Harrison College Scholar
What was your favorite class and why?
I will carry what I learned in David Feldshuh’s “Acting in Public” course for the rest of my life. The basis of the class is that every moment in life is a performance imbued with truth and integrity, including small-scale interactions such as telling a story at dinner or making introductions. We learned performance techniques to release self-consciousness, connect with an audience and increase our magnetism through voice and gestures. Then we observed how these techniques became second nature and enhanced the way we interacted with people and spaces in everyday life. David and his teachings changed the course of who I am as a person and who I aspire to be, giving me the tools to be my own coach. I also took this class with my older sister, so we are lucky to be each other’s coaches too!
What Cornell memory do you treasure the most?
I am lucky to have so many memories to treasure. My favorite recent memory was when I held a gathering on the slope by asking friends from different parts of my life on campus to bring friends they admire from clubs, classes, etc. More than 100 students filtered through! This was a moment to foster new friendships and enjoy conversation with people who have varied interests and might not otherwise cross paths.
Who or what influenced your Cornell education the most? How or why?
By creating my own interdisciplinary major through the Harrison College Scholar Program, I got the opportunity to wholeheartedly explore my academic interests without being bound by traditional core requirements. I am fortunate to have taken a wide range of courses from Zen Buddhism to punk culture to screenwriting to critical theory. By exploring a breadth of interest, I reached new depths of understanding. Developing the ability to make connections between seemingly disparate subjects led me to my thesis topic, which is a performance studies explanation of why Democrats and Republicans do not understand each other. I am most proud of my intellectual growth at Cornell — all thanks to the opportunities I received through the Harrison College Scholar Program.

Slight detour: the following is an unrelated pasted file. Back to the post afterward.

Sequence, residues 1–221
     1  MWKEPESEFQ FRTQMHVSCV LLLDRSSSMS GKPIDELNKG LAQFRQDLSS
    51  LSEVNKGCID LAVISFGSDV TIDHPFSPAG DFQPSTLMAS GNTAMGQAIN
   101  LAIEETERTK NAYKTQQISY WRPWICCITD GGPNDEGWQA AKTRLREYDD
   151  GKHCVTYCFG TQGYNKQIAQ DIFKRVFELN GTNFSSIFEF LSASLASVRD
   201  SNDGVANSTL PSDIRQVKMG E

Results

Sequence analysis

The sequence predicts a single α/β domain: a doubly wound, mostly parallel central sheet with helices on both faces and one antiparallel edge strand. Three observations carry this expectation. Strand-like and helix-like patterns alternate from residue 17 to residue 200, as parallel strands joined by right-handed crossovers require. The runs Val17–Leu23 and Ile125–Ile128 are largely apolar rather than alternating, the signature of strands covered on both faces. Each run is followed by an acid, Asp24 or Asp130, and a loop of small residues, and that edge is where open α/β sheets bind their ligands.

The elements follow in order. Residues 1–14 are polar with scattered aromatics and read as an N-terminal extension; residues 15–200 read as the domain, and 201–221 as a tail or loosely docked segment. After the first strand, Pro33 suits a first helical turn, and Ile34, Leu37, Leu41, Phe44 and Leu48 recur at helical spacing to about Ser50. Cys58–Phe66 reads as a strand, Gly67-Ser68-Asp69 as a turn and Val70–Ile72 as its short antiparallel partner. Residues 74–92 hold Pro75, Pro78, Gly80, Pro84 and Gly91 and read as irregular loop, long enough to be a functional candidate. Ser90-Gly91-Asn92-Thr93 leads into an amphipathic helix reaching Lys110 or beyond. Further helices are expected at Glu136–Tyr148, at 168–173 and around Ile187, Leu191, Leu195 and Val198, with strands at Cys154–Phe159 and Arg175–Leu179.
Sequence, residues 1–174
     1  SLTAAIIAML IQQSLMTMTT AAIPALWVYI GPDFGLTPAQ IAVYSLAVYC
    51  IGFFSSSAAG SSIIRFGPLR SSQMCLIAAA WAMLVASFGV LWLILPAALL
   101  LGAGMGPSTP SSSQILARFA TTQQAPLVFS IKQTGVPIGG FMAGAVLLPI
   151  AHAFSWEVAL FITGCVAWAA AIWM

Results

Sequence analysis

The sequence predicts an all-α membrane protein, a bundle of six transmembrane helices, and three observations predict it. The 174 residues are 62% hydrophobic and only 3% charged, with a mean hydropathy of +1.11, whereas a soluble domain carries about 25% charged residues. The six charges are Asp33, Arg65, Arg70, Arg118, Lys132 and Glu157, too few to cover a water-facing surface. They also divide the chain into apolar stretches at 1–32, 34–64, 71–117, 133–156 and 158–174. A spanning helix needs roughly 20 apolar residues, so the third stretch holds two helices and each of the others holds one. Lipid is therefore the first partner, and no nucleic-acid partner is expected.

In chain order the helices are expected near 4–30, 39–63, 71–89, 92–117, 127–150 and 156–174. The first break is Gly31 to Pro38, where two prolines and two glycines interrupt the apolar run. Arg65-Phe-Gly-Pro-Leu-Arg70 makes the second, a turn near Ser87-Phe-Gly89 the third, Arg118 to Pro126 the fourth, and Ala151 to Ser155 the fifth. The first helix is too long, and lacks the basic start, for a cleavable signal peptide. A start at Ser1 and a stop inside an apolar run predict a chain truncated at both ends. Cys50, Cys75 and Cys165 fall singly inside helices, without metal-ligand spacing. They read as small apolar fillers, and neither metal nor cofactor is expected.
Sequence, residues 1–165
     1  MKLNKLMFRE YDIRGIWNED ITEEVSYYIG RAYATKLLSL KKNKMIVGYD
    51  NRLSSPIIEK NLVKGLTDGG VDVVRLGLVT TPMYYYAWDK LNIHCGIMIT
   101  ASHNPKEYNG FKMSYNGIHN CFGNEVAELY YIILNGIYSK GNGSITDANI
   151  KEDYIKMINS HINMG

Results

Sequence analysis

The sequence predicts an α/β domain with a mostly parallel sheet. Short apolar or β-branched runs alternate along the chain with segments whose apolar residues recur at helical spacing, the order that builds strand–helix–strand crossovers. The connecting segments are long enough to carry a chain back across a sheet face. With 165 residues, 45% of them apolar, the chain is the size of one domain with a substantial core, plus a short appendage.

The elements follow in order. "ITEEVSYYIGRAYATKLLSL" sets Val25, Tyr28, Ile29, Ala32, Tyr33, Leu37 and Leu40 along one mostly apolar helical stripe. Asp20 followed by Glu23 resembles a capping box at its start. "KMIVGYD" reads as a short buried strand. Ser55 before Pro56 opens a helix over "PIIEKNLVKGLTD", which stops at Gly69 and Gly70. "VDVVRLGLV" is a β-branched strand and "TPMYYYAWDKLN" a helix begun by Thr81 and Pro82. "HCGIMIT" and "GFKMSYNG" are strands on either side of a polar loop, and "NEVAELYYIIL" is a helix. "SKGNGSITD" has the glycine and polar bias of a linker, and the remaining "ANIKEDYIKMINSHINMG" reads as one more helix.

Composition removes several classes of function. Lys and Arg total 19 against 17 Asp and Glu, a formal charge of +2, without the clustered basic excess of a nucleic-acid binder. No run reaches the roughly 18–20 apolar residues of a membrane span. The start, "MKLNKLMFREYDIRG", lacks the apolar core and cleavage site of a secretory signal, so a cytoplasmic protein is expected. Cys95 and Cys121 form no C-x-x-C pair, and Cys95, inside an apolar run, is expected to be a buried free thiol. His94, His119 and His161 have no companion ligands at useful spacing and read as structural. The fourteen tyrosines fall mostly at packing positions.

If you were to offer advice to an incoming first year student, what would you say?
Seek out courses that change your mind. Take the space Cornell can give you to reflect on, question and modify your deeply held beliefs. Although confronting difficult subject matter can be taxing at times, trust that you can build a stronger version of yourself. I would also tell an incoming student to attend student group events even if you do not have a friend involved and hike and drive around the beautiful countryside to reconnect to nature.
Every year, our faculty nominate graduating Arts & Sciences students to be featured as part of our Extraordinary Journeys series. Read more about the Class of 2023.